Help Is Here For The Loved Ones Of Wrongful Death Victims
Losing a loved one too soon because of someone else’s recklessness or negligence is devastating. At Laufer, Dalena, Jensen, Bradley & Doran, LLC, we understand.
We have worked with hundreds of people throughout New Jersey who lost a relative or spouse to a negligent accident. Whether your loved one suffered a car accident, motorcycle accident, construction accident or any other sort of fatal accident, we can help you hold the perpetrator accountable and recover maximum compensation.
Who Can File A Wrongful Death Claim In New Jersey?
Not just anyone can file a lawsuit after someone’s tragic passing. In New Jersey, only the following people have the right to pursue a wrongful death lawsuit:
- The executor of the decedent’s will
- The personal representative of the decedent’s estate
If the deceased person did not have a will or did not name a personal representative, a judge will appoint someone to fill the position. The people eligible to recover compensation in a wrongful death claim include the decedent’s spouse, parents, children, grandchildren, siblings and other blood relatives.
Helping You Beat The Statute Of Limitations
The state of New Jersey has a two-year statute of limitations on wrongful death cases. This means that you and your wrongful death attorney or personal injury attorney must file a claim within two years from the date of your loved one’s passing.
If you miss this deadline, you lose the right to have your day in court. With our team’s considerable skill and knowledge, we can build a strong case for compensation as time-efficiently as possible.
Frequently Asked Questions About New Jersey Wrongful Death Claims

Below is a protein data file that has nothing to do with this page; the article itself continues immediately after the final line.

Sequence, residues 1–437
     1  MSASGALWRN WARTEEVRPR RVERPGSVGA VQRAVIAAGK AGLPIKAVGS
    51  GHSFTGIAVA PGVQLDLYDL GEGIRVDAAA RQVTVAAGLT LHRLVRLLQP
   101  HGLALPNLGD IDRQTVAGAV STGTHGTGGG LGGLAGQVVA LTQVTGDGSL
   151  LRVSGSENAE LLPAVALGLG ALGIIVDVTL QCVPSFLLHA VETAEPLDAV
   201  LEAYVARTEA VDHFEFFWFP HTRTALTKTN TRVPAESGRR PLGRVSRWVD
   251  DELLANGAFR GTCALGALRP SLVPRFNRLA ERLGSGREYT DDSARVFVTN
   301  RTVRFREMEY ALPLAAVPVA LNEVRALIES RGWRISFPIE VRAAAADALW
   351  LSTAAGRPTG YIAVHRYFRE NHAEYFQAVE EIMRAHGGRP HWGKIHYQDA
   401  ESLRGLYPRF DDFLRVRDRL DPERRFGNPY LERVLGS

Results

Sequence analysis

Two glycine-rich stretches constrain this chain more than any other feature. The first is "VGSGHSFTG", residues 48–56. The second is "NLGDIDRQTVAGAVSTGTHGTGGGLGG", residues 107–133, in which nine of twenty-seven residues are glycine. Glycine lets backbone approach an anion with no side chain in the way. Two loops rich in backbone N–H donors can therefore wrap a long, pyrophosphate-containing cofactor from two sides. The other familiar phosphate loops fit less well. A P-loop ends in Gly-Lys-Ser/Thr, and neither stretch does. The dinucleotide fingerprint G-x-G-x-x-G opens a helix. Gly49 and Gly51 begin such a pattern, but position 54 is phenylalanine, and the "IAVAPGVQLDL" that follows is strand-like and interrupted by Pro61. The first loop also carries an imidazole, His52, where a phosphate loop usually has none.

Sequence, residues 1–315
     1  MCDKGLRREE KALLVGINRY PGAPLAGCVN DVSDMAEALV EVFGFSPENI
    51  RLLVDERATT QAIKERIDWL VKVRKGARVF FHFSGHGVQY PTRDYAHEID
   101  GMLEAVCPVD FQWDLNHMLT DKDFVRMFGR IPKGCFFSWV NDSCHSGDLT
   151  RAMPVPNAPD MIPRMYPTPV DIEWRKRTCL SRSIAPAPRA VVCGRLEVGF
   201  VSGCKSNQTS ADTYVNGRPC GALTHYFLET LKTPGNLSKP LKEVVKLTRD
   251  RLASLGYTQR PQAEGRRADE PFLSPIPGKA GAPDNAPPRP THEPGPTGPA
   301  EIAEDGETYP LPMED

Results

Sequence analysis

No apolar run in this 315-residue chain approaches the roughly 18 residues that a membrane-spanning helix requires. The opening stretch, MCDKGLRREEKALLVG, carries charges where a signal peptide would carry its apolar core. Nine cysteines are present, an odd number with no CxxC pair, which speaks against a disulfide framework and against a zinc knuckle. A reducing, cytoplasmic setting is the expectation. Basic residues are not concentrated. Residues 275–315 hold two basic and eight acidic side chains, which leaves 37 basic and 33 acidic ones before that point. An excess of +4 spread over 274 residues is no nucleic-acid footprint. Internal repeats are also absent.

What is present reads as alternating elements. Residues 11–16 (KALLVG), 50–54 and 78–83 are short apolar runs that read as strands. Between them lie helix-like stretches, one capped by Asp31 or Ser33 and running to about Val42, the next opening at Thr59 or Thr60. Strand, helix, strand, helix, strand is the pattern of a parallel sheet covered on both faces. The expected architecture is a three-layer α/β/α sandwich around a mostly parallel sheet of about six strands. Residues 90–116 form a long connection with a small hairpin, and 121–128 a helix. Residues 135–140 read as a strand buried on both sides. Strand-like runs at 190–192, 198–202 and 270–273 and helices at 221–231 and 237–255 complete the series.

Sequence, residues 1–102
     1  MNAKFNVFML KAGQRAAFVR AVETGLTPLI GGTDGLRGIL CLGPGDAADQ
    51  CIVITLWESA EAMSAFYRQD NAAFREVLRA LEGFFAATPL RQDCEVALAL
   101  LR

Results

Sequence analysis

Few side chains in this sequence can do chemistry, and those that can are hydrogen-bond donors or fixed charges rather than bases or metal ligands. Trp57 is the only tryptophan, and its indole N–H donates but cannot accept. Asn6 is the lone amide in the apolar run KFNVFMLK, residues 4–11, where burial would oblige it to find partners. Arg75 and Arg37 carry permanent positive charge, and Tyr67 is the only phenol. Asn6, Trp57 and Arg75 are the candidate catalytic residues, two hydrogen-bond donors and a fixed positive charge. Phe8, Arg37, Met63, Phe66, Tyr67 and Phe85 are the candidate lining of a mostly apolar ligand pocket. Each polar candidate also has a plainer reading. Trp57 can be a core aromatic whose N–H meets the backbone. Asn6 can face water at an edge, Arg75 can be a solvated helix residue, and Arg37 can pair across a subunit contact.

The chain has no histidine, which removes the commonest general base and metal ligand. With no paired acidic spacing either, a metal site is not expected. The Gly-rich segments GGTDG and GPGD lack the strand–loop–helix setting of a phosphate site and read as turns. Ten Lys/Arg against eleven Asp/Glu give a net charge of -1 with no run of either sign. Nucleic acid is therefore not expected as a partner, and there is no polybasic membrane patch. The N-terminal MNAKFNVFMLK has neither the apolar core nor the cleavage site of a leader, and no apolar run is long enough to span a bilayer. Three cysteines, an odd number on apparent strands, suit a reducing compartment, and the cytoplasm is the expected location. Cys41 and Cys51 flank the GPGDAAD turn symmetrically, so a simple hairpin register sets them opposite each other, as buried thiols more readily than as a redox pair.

The loss of a loved one due to another party’s mistakes can leave you with many questions. Here are some of the most important answers:
Who can file a wrongful death claim in New Jersey?
Every state has specific rules about who may file a wrongful death claim. In New Jersey, that task is reserved for the executor of the deceased’s estate. If there is no will, the court may appoint a personal representative to act on the estate’s behalf, and they may file the claim.
Surviving family members may choose to file a wrongful death claim in New Jersey. That is, the surviving spouse or children; surviving parents; or surviving siblings or nieces and nephews.
What evidence is needed to support a wrongful death claim?
To prove a wrongful death claim, it has to be shown that the defendant owed the victim a certain duty of care, and they breached that duty through negligent, reckless or deliberate actions. It also must be shown that the breach of duty led to the victim’s death, and their death resulted in losses (damages). Generally, each element is supported by evidence like medical records, photographic evidence, witness statements, expert testimony and more.
How long do I have to file a wrongful death claim in New Jersey?
Per N.J. Stat. § 2A:31-3, a wrongful death lawsuit must be filed within two years after the victim’s death. This is called the statute of limitations. If you exceed this time limit, you are permanently barred from making any compensation claims.
What compensation may be available to me and my family?
Even though the estate’s executor or personal representative must file the wrongful death claim, any damages awarded will go to the deceased’s dependents and survivors. Typically, compensation can include such things as the medical expenses incurred by the deceased between the accident and their death, reasonable funeral and burial expenses, the value of the deceased’s financial or in-kind services and the value of their lost support and companionship to their survivors.
Learn More From Our Caring Team In A Free Consultation
Laufer, Dalena, Jensen, Bradley & Doran, LLC, is the firm that provides assertive yet compassionate legal services when you need them the most. To discuss filing a wrongful death claim, please contact our Morristown law office.